How to Use Umbrellas in Flash Photography

Umbrellas are one of the most essential light modifiers that flash photographers use to shape light.  As simple as umbrellas are to use with a flash, it can seem intimidating to a new flash photographer to know how to set up an umbrella for a photography shoot.

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In the video, we go through the various types of umbrellas that can be used in flash photography, and what each of them are used for.

Learn how to use umbrellas in flash photography
Learn how to use umbrellas in flash photography

The white shoot-through umbrella

White translucent umbrellas are used as an inexpensive and effective way to spread out a light that will cover approximately a 1.5 yard (1.4 meter) area.

Shoot through umbrellas are, in our opinion, the best type of lighting modifier for beginning flash photographers.  The reason we like using these umbrellas is that they create very soft light, they are inexpensive, and they have a wide enough lighting pattern that they are easy to position and aim.  Using a shoot through can cover up a lot of rookie mistakes made by newer flash photographers.

The drawback to this and all types of umbrella is that they are easily breakable.  If there is any wind when using these on-location, the spokes can be broken, or it could catch the wind and knock over the light stand.

One tip to keep in mind when using this type of umbrella is to flip down the small on-flash diffuser onto the flash head so that the light is spread across the entire size of the umbrella.

The silver reflective umbrella

Silver reflective umbrellas throw light EVERYWHERE within a 180 degree radius.  The wide and even pattern of light created by a silver umbrella makes them perfect for lighting groups, though they have less application for shooting portraits of individuals or couples, because it is difficult to achieve good shadows with this type of umbrella.

Unlike shoot-through umbrellas that are placed between the flash and the model, silver reflective umbrellas function by pointing the flash away from the group, and then the silver umbrella bounces the light back onto the people.

Silver umbrellas are my go-to tool for shooting family reunions and groups.  I simply set up the camera on a tripod about 15 to 20 feet (6.1 meters) from the group, then I set up one reflective umbrella on a light stand to either side of me.  This setup always produces simple even lighting for larger groups.

The parabolic umbrella

Parabolic umbrellas have become very fashionable in the last few years.  Pioneered by Paul C. Buff, this type of umbrella focuses the flash pattern and creates a quality of light with high specularity.

Should I buy an umbrella or a softbox?

Newer flash photographers are always eager to spring for the softbox.  Honestly, I think it is because softboxes LOOK more professional than umbrellas.  While it isn't terribly difficult to work with a softbox, I still find that most students do better by learning with an umbrella first.  Umbrellas cover up many mistakes that newer flash photographers make in positioning the light, because umbrellas throw a wider pattern of light onto the subject.  If you're looking for exactly which lighting modifiers we recommend, check out this article.

19 thoughts on “How to Use Umbrellas in Flash Photography”

  1. Alisson Silveira - BR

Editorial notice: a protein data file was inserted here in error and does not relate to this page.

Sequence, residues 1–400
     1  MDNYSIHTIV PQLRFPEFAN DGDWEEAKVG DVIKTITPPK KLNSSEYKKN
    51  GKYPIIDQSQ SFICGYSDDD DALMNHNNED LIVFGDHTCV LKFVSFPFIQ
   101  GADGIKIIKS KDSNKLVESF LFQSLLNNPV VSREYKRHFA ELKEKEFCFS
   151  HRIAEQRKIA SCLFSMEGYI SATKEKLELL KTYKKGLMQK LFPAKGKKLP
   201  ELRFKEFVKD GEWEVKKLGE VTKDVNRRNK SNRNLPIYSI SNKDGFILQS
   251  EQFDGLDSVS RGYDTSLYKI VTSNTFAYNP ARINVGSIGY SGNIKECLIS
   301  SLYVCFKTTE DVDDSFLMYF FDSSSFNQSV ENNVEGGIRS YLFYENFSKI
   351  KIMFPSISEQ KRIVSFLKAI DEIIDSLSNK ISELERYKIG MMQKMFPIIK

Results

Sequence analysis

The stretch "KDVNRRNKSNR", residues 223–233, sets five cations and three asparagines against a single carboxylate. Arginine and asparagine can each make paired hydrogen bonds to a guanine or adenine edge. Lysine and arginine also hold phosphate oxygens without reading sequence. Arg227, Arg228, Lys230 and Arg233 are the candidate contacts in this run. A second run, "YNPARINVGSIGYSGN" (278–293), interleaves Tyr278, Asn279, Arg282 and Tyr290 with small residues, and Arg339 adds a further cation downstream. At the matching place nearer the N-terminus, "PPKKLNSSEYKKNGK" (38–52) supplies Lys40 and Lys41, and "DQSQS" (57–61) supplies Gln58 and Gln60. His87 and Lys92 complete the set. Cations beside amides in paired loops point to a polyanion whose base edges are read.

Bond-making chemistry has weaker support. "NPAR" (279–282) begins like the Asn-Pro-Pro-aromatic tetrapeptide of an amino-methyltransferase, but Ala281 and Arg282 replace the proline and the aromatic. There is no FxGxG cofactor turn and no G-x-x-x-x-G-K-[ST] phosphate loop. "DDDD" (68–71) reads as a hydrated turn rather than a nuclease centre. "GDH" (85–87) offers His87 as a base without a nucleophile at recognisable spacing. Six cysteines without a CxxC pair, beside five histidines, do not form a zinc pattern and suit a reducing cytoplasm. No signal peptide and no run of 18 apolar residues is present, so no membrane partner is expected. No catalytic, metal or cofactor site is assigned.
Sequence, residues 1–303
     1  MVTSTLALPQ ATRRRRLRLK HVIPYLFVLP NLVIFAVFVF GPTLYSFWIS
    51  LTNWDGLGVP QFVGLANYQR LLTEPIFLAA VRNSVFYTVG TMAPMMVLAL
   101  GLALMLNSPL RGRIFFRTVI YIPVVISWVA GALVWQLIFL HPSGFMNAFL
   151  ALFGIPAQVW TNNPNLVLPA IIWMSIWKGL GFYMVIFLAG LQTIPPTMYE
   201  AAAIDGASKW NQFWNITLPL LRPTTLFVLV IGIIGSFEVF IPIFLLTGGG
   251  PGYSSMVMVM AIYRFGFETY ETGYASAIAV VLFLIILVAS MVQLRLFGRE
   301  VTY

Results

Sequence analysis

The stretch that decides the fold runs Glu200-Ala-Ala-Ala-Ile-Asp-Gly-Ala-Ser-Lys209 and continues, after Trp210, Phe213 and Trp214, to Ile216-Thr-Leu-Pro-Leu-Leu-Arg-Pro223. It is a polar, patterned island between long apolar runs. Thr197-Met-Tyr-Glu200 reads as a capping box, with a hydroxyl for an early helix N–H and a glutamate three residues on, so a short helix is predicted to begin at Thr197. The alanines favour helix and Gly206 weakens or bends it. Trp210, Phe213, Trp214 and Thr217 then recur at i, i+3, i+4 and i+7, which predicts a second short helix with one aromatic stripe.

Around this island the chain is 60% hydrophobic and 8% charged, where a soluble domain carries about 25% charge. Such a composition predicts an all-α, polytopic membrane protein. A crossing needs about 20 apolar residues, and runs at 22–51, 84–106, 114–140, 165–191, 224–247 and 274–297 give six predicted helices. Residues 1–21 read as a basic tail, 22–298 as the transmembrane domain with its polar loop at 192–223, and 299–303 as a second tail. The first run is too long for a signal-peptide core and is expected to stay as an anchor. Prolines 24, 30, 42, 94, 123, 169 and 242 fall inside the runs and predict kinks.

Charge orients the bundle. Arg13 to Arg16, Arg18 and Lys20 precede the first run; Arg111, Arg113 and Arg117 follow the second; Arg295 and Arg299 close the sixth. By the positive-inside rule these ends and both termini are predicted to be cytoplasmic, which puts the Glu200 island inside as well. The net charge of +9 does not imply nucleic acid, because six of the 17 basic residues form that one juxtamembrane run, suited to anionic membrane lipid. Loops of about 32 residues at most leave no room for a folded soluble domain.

Excelente!!! Ganhei um kit com 1 Sombrinha Branca e uma Prateada, Porém não tenho experiência com esse tipo de iluminação, esse artigo serviu justamente para isso, me esclarecer como usar cada tipo, e sua aplicação. Muito Obrigado,Ótimas Dicas, Bom Trabalho. TKS

  2. Audio tip. You guys need to make your voice volume the same in each channel by using a pan/expand effect or by making them mono. It’s a lot easier on the listeners.

  3. “Umbrellas cover up many mistakes that newer flash photographers make”

    I prefer to teach people to learn from their mistakes and not hide them. If the new flash photographers don’t know they made a mistake how will they know they made them or what the mistake was.

    The main reason I tell newcomers to get the umbrella (before getting a softbox) is because they are cheaper. The softbox has slightly steeper learning curve but they will see their mistakes and (hopefully) learn from them straightaway.

  4. Great help in explaining the different uses. I received a free transparent umbrella and wasn’t sure how to use. Thanks!

  5. I bought a shoot through umbrella that didn’t come with set up instructions. It wasn’t until I saw Jim holding the shoot through that I realized how to properly assemble it. Thanks! That was much appreciated.

  6. Javier Rodríguez

    Cierto brother, los softbox se ven mas pro, pero son algo complicados al inclinarlos. Las sombrillas siempre han funcionado bien. ok

  7. One reason your light was uneven is because your umbrella is backwards. The mounting hole for the umbrella is tilted so the center of the light from the flash can be aligned with the center of the umbrella (the tip of an acute triangle). By tilting the umbrella the wrong way, the center of the light hits the top of the umbrella, as we see in your example. Your use of the diffuser spreads out the center, but it would be better to just reverse your umbrella.


    I want to know why these white umbrella are used in photo lab?
    how they work ?
    if we not use these what the effect will come in picture?

  9. I am getting spoke marks in the highlights on my photos from shooting through my translucent umbrella. How do I overcome this problem, please?

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